Here’s what I don’t understand. Why does Price get the blame for post-injury (or whatever) Pineiro, when his velocity went through the floor and his mechanics suffered, but none of the credit for pre-injury Pineiro, when a young, modest pitching prospect looked like a future star for a couple of years?

    As for Meche — in 1999, height of his prospect-dom, he was well-regarded byt the team but only had one plus pitch, the fastball, and had two pitches, the curve and the change, that he couldn’t control all that well. Then he had a couple of labrum tears after his debut and he hasn’t been even that good. Pitchers who go through that almost never come back, and there are maybe five, six who have regained their previous speed and talent. So Meche isn’t one of them.

    At the same time, the year after Meche looked horrible, Price got almost a full year of good work out of him (though, in my view, Melvin really ran Meche down over the season and Price is complicit in that).

    Now, the organization’s treatment of Meche and his relationship to them’s another matter. But to say Price is entirely to blame for screwing up his mechanics makes little sense.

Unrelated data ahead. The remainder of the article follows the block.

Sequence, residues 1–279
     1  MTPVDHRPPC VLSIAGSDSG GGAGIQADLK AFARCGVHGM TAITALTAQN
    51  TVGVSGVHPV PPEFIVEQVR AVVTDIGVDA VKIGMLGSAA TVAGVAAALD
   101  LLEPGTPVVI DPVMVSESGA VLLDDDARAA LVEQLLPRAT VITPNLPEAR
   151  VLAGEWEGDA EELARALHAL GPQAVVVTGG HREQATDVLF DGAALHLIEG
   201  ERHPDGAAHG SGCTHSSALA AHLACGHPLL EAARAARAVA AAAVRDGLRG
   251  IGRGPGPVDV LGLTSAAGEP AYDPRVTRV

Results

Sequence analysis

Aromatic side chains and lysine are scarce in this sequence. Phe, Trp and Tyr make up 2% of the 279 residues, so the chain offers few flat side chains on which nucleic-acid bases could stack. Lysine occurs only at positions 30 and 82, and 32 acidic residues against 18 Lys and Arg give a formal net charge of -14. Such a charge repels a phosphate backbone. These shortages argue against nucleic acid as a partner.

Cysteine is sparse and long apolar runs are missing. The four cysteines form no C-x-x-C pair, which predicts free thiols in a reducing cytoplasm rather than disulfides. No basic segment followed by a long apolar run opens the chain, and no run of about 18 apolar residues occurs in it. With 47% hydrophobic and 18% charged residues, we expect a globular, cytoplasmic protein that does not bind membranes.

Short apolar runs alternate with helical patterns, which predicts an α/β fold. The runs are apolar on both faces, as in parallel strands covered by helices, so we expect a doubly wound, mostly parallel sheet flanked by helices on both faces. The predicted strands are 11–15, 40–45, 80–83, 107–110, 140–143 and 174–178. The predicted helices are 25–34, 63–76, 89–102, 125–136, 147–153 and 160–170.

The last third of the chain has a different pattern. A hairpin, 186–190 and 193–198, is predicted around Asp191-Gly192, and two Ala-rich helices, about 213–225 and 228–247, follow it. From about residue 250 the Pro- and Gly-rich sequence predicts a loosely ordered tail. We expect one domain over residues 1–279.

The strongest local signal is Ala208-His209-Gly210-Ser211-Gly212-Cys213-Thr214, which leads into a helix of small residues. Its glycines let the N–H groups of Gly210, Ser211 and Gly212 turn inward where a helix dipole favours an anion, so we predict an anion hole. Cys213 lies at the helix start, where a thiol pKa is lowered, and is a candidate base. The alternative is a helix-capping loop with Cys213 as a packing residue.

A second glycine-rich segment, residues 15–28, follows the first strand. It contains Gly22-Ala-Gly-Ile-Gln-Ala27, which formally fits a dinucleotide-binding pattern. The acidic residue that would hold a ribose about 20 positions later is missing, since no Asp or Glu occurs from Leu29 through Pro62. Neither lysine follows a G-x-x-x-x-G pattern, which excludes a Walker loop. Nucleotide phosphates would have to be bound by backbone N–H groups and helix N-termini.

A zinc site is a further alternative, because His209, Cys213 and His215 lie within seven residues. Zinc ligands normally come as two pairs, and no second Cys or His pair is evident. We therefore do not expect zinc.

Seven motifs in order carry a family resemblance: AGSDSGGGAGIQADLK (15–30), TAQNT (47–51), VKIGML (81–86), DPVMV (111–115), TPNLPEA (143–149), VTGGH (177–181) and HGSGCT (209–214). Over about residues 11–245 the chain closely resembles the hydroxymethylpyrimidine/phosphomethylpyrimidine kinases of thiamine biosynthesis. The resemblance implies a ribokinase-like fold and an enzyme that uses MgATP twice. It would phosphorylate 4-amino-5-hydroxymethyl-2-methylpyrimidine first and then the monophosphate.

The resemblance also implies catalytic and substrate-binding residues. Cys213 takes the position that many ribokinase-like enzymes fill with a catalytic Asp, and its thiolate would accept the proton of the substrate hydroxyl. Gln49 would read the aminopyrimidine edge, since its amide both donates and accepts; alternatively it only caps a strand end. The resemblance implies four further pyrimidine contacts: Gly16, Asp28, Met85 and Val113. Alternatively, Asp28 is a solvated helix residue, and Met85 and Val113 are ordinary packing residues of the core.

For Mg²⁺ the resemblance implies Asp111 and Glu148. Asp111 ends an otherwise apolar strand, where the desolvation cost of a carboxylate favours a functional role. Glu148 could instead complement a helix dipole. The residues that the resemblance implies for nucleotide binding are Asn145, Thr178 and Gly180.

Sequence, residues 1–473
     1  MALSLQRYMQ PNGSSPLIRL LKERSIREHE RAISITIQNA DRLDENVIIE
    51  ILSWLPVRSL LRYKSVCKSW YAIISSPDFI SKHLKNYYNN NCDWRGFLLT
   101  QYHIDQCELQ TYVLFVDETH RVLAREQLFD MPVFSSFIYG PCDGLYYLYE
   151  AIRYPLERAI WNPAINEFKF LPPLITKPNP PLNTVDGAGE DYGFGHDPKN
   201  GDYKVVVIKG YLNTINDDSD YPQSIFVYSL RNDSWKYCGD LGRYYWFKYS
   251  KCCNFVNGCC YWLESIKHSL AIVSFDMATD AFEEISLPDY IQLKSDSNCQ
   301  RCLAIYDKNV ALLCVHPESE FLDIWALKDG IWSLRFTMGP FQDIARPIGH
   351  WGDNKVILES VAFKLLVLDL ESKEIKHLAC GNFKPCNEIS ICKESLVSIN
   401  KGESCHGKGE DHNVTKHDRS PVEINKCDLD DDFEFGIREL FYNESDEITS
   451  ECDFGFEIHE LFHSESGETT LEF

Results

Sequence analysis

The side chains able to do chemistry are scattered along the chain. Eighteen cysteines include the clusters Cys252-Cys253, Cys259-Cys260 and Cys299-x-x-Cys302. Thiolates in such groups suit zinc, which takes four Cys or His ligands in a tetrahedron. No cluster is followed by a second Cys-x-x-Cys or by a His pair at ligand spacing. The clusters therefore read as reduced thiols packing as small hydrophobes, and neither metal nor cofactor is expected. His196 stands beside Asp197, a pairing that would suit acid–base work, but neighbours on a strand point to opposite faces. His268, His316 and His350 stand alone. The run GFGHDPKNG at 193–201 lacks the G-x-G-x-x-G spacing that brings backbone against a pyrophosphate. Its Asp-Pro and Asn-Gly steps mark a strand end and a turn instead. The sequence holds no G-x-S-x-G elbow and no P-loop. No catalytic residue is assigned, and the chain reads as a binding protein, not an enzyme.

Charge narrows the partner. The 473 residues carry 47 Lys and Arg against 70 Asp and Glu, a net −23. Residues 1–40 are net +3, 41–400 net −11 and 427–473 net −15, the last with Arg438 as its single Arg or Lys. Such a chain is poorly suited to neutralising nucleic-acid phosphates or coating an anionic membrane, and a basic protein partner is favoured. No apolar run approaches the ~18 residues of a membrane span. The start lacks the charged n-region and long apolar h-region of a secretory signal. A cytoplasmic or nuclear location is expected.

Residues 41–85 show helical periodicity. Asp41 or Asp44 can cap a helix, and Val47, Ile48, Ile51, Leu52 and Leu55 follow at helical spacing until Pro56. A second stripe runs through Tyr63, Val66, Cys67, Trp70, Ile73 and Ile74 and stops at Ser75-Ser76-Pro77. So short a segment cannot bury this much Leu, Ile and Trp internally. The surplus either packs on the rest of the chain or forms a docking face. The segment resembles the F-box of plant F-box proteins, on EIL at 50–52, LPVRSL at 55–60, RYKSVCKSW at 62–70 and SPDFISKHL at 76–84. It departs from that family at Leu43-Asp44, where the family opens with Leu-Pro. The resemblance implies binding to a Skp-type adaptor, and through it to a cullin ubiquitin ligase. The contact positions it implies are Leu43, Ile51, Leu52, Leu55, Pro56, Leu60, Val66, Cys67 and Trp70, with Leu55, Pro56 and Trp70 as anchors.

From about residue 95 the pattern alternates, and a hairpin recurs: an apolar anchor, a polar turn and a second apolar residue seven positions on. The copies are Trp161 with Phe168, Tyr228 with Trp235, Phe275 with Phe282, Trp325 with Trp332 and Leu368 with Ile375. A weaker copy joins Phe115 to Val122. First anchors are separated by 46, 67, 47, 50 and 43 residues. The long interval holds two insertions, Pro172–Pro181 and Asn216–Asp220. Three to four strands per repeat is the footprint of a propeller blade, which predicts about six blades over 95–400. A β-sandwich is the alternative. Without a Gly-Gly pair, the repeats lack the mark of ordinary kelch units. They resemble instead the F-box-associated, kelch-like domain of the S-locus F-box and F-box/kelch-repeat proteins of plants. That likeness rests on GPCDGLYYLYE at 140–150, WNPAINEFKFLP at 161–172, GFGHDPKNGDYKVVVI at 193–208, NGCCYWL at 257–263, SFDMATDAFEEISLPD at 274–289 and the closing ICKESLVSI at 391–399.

As for Garcia — Price’s been the pitching coach going on six years now. If you want to blame him for the bad times, you have to credit him for the good as well.

    Price’s legacy is a mixed bag. He’s certainly not the worst pitching coach out there, but we’ve also seen his reputation decline a lot from the early Piniella days (as his philosophy has also seemed to drift).

  9. jc on July 28th, 2005 10:37 pm

    No croynism Benny looper=Aaron looper Lee pelekudos=Chris pelekudusMike Hargrove =Andy Hargrove yes the good old boy syndrom in full effect.Not to mention every unemployed ex GM are Farm director that was unemployed is know employed by guess who Bill Bavasai.Changes are needed here quickly are the ship sinks

  10. blindfaith on July 28th, 2005 10:38 pm

    #206 I would go to an Atlanta game find that guy on the bench that constantly rocks back and forth. Then resurrect Roger Craig and Gaylord Perry.

  11. IceX on July 28th, 2005 10:38 pm